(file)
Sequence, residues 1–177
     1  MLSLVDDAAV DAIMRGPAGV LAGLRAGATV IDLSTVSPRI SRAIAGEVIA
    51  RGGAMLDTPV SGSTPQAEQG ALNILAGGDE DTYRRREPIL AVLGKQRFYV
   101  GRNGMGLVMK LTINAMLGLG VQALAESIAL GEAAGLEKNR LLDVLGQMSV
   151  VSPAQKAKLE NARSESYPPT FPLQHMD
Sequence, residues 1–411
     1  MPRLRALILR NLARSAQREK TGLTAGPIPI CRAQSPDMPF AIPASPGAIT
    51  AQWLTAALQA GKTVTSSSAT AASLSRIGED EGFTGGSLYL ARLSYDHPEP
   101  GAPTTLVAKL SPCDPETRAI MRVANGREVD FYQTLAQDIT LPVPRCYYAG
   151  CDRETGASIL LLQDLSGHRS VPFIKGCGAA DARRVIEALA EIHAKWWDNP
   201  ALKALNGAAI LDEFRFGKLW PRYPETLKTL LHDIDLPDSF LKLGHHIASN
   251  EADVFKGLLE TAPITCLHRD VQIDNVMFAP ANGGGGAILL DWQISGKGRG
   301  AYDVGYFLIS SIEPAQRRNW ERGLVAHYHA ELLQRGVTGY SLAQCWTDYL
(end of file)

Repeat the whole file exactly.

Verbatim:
Sequence, residues 1–177
     1  MLSLVDDAAV DAIMRGPAGV LAGLRAGATV IDLSTVSPRI SRAIAGEVIA
    51  RGGAMLDTPV SGSTPQAEQG ALNILAGGDE DTYRRREPIL AVLGKQRFYV
   101  GRNGMGLVMK LTINAMLGLG VQALAESIAL GEAAGLEKNR LLDVLGQMSV
   151  VSPAQKAKLE NARSESYPPT FPLQHMD
Sequence, residues 1–411
     1  MPRLRALILR NLARSAQREK TGLTAGPIPI CRAQSPDMPF AIPASPGAIT
    51  AQWLTAALQA GKTVTSSSAT AASLSRIGED EGFTGGSLYL ARLSYDHPEP
   101  GAPTTLVAKL SPCDPETRAI MRVANGREVD FYQTLAQDIT LPVPRCYYAG
   151  CDRETGASIL LLQDLSGHRS VPFIKGCGAA DARRVIEALA EIHAKWWDNP
   201  ALKALNGAAI LDEFRFGKLW PRYPETLKTL LHDIDLPDSF LKLGHHIASN
   251  EADVFKGLLE TAPITCLHRD VQIDNVMFAP ANGGGGAILL DWQISGKGRG
   301  AYDVGYFLIS SIEPAQRRNW ERGLVAHYHA ELLQRGVTGY SLAQCWTDYL